PREPARATION AND PROPERTIES OF A SOAP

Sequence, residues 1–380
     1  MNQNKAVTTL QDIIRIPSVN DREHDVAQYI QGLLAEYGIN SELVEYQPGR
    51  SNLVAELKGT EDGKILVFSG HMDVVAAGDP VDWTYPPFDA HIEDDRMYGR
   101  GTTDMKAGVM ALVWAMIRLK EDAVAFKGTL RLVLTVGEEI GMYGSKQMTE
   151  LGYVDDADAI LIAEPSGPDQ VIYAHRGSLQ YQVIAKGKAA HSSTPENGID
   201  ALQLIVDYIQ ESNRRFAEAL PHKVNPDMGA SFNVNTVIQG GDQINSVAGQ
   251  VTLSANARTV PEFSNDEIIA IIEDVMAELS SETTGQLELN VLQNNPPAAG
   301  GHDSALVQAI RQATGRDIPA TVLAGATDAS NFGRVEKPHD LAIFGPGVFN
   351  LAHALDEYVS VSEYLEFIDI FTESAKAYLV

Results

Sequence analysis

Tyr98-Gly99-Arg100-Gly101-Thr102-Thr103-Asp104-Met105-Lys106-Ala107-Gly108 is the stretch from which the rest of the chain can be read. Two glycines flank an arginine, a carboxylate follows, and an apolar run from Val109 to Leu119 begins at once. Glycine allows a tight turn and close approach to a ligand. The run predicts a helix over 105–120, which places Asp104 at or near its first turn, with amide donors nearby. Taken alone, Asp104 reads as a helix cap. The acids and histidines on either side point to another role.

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1 (adapted from Blackburn et al., Laboratory Manual to Accompany World of Chemistry, 2 nd ed., (1996) Saunders College Publishing: Fort Worth) Purpose: To prepare a sample of soap and to examine its properties. Caution: Sodium hydroxide solution is extremely harmful to the skin and clothing. It is especially harmful to the eyes. Wear safety goggles. Any sodium hydroxide spilled on the skin should be washed off immediately with large quantities of water. Kerosene and ethanol are both flammable. Care should be taken when using these chemicals around flames. Introduction: A soap is the sodium or potassium salt of a long chain fatty acid. Most solid soaps are sodium salts of the type to be made in this experiment. The starting materials are fats or oils, which are the glycerol esters of the fatty acids. A typical cooking oil, cottonseed oil, and a concentrated solution of sodium hydroxide are the principal reactants. Ethanol is used in this experiment to serve as a common solvent for the reactants and hence speed up the reaction. The soap making reaction is called saponification. However, the saponification reaction is not used in the commercial soap making operations of today. The sodium salts of the long chain fatty acids are typical surface active agents. They have a polar end which is hydrophilic (water loving) and a long nonpolar chain which is hydrophobic (watr hating). As a consequence they can form emulsions by suspending oil in water when their nonpolar end is in the oil and their polar end is in the water. The emulsification of kerosene in water by means of soap is just such a process. When present, calcium, magnesium, iron, and some other metal salts can form insoluble precipitates with the long chain fatty acids. This kind of reaction is responsible for the problems which arise when soap is used with hard water (water containing appreciable amounts of dissolved calcium, magnesium, or iron salts). Revision SP11 Page 1 of 7